This First Friday, walking into the Athenaeum, I thought of the Baudelaire poem “Landscape,” where the poet attempts to make, in the middle of a frigid winter, a warm atmosphere with his imagination.
I don’t think the artists of Indianapolis were taking their cues from Baudelaire, but there certainly was a lot of imaginative art to be seen around town on a rather frigid First Friday.
At the ReGeneration Indy exhibition at the Athenaeum ArtSpace, the participants, all volunteers or students with the eponymous arts organization, were still setting up. But I was able to see a painting by R.A. Buys, “We are with you Paul,” and the painting stuck with me. It contains a stylized depiction of a group of people, staring straight ahead, against a colorful patchwork background.
“My piece was based on the fact a good friend committed suicide and this was all his friends standing behind him confused and wanting to help but didn't know something was wrong,” says Buys about the work.
At the Harrison Center, I was able to see the exhibit Black Spaces and Places by Courtland Blade. At the previous shows of his, his work has documented the public spaces that we share in Indianapolis be it interiors of big box stores, traffic intersections, or playgrounds. But there are more faces of actual people in these paintings than I’ve seen in other exhibitions of his—Blade often likes to portray human-made environments devoid of humans—and more spaces important to the African American experience in Indianapolis. In his exhibition, he also highlights the importance of Black culture to the city as a whole.
A standout for me is his large-scale painting “King Park,” that depicts not just Martin Luther King Jr. Park in Near Northside Indy, with the remarkable King-Kennedy Memorial depicted in a small corner of the composition, but the sweeping sky above. The forms of the trees and the clouds are abstracted and simplified in the same flowing rhythm, as if to denote an underlying order to the world.
Fifty years after the assassination of both King and Kennedy, it’s hard to look back and see linear progress in the area of civil rights and social justice since that time. But sometimes progress must be measured in baby steps. The fact that so many nonprofits and community development organization are working together are working to improve King Park—and artists like Courtland Blade are increasing the public awareness of its importance—can only be a good thing.
Another standout from Blade's exhibition is “Children at Play,” where he’s able to capture the essence of his subjects—two children playing in a bedroom—in a painterly way, in a way that departs from photo-realism slightly just like his landscapes.
At The Video Show, at Gallery 924, I donned a virtual reality headset and found myself in the middle of "Morning on Earth" a world created by Carla Knopp, an artist I know mostly by her paintings of ethereal landscapes. But in this monoscopic 360 video Knopp had created a virtual world unlike anything on earth, and it encompassed the entire 360 degree circumference around me. There were floating spheres and a mountain-like mass in the distance.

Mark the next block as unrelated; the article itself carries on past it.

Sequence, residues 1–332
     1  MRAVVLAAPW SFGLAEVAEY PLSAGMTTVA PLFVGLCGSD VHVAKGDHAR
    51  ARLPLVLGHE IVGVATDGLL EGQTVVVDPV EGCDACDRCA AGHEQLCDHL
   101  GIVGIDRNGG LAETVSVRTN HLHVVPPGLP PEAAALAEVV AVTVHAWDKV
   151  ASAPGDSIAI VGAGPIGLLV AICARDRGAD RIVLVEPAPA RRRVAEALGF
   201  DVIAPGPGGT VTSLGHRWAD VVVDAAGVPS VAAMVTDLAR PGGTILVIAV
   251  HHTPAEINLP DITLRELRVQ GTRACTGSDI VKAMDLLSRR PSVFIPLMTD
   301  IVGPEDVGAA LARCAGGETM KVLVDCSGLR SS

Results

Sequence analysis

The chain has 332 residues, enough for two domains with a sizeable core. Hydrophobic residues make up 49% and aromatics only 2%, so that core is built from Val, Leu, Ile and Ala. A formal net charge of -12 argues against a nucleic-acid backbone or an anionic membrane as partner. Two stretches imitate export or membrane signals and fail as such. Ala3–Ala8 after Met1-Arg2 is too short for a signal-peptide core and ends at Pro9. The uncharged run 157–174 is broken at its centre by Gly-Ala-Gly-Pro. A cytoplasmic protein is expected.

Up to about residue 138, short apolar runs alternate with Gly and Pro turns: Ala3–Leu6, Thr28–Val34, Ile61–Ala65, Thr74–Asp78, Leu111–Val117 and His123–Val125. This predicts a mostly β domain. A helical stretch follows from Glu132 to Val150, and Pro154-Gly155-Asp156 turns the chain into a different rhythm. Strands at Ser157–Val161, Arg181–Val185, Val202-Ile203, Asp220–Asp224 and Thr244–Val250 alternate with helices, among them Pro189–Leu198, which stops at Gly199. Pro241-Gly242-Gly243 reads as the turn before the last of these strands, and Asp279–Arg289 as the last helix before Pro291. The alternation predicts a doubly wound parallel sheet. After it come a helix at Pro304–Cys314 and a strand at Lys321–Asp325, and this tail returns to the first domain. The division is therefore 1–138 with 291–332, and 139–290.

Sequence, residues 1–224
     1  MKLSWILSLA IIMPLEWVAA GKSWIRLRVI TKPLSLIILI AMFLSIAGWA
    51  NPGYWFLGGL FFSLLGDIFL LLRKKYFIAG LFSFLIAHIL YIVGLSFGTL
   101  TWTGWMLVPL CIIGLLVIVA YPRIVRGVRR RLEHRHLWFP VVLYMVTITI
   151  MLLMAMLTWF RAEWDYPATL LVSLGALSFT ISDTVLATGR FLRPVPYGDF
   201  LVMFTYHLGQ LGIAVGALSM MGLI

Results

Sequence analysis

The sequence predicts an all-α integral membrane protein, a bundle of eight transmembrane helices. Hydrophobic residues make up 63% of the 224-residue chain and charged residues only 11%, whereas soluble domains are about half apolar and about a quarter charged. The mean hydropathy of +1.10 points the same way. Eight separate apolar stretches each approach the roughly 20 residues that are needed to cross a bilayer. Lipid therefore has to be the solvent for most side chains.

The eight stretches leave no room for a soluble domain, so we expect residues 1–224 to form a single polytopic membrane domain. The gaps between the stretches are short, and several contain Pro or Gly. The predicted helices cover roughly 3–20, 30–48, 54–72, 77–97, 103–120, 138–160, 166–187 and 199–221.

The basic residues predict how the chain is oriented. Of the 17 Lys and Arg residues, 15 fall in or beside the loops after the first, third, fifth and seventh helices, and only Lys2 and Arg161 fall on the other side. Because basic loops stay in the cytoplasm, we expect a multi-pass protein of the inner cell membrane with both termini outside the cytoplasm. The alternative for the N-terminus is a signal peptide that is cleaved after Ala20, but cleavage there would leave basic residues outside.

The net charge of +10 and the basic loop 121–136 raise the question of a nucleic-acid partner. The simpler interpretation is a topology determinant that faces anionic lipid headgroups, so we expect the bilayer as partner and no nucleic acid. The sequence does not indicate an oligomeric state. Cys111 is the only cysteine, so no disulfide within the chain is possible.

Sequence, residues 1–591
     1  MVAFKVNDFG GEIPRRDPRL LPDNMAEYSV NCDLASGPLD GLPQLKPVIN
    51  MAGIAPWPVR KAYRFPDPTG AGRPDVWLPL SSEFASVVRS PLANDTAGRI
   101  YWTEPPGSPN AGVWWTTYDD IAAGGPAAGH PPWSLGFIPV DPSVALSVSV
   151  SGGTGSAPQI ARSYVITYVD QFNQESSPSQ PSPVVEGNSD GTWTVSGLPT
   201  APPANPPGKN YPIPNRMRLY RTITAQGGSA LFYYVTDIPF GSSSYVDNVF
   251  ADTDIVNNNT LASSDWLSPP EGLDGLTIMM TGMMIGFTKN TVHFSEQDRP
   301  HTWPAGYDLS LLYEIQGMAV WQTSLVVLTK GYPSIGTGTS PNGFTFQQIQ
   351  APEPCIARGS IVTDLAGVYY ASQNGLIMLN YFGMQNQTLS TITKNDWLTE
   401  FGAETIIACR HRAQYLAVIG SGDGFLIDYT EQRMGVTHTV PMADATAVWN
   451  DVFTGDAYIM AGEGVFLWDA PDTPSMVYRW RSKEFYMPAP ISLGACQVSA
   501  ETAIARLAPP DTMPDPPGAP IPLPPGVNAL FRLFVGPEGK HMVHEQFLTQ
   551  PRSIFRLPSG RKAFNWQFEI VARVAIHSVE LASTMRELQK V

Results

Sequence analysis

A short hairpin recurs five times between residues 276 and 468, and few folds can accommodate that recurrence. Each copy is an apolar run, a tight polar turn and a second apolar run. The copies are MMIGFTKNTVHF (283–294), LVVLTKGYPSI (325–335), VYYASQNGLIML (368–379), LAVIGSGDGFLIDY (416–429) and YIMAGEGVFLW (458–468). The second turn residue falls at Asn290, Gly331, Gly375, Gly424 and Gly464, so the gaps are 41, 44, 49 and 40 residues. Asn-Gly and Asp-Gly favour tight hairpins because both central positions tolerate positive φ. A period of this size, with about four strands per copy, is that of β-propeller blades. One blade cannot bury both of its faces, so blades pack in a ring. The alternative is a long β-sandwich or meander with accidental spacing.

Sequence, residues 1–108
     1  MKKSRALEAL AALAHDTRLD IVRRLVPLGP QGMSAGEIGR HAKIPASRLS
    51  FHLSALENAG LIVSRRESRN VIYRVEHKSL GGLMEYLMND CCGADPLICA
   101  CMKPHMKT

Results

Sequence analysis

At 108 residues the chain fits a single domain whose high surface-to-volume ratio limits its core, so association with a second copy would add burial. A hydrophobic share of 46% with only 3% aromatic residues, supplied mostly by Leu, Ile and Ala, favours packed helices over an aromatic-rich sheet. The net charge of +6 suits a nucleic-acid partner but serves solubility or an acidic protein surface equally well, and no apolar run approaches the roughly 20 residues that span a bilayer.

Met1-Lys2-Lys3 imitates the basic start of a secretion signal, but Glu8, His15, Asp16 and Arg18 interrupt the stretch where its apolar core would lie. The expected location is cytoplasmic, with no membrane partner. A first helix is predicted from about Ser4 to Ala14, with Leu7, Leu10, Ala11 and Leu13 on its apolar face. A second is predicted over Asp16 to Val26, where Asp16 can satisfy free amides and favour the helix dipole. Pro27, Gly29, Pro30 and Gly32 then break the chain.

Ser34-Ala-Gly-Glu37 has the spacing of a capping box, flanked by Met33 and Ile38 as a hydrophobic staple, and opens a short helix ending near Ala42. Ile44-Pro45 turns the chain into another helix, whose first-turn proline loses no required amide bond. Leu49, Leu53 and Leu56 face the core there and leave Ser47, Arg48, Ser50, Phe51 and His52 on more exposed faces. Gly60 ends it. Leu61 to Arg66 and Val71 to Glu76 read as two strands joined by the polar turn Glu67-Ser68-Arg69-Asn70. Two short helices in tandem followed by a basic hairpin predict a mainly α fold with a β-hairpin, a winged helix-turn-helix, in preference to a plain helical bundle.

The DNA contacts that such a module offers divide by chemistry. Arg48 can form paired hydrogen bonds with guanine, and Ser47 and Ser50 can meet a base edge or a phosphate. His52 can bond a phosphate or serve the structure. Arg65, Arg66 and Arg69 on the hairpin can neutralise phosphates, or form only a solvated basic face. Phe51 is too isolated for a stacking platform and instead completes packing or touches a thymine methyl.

My last stop of the night was Circle City Industrial Complex, where I checked out the exhibition Elemental, New Work by Ron Kern, at Satch Art Space, which is a departure for the longtime photographer.
In this selection of 11 works in miniature, you see some photographs, and some computer-generated prints that were first sketched out as drawings. He made the work in miniature, he says, in order to have the viewer “come close and examine the work in detail.”
Drawing comes naturally to Kern, which is not surprising because his daytime job is that of a golf course architect, but he hasn’t drawn all that much outside this professional realm. For the work in Elemental, he sketched out ideas and then completed his preliminary works on the computer. The resulting works remind me a little of the work of early modernist Piet Mondrian, all except one.
That particular work, titled “Putin Trump Corruption”—the only titled work in the whole exhibition—actually looks something like a German poster circa 1910. In fact, it seems to bear some resemblance to the work Kern and his wife displayed in a 2015 exhibit titled The Art of the Poster 1910-1921 Berlin, where they exhibited outstanding examples of the form. But the letters on the print are Cyrillic, spelling out the word corruption in Russian.
I admire art that's able to comment on the current political situation without becoming agitprop.
The last stop of the night for me was Casey Robert's studio, where I got to see a relatively new work of his titled "Whale Tail (Deep Water)." Like just about all of his paintings it was created with a Civil War era photochemical process that Roberts has learned to regulate with everyday products like peroxide and bleach in order to obtain his desired effects.
And one of the desired effects in "Whale Tale" is a stunning translucence in his depiction on the water from which you see the whale tale popping out. Since the cyanotype reaction turns the chemical blue on exposure to sunlight, it must have been a magical moment for Roberts during the composition process when the canvas' colors deepened to an aqua-blue.
But in a way looking at this painting is heartbreaking. It's hard to look at such a painting and not think about the reports of ocean mammals washed up on shore, with stomachs full of plastic. It's hard not to think about Sir David Attenborough's speech at Davos, where he was quoted as saying "Eden is no more." And finally, it's hard for me to see this painting without thinking about the current political moment, feeling like one of the figures in the aforementioned R.A. Buys painting.
Baudelaire might have been able to shut himself in his Parisian apartment and ignore the world, but then he didn't have to think about the Polar Vortex and shrinking Antarctic glaciers.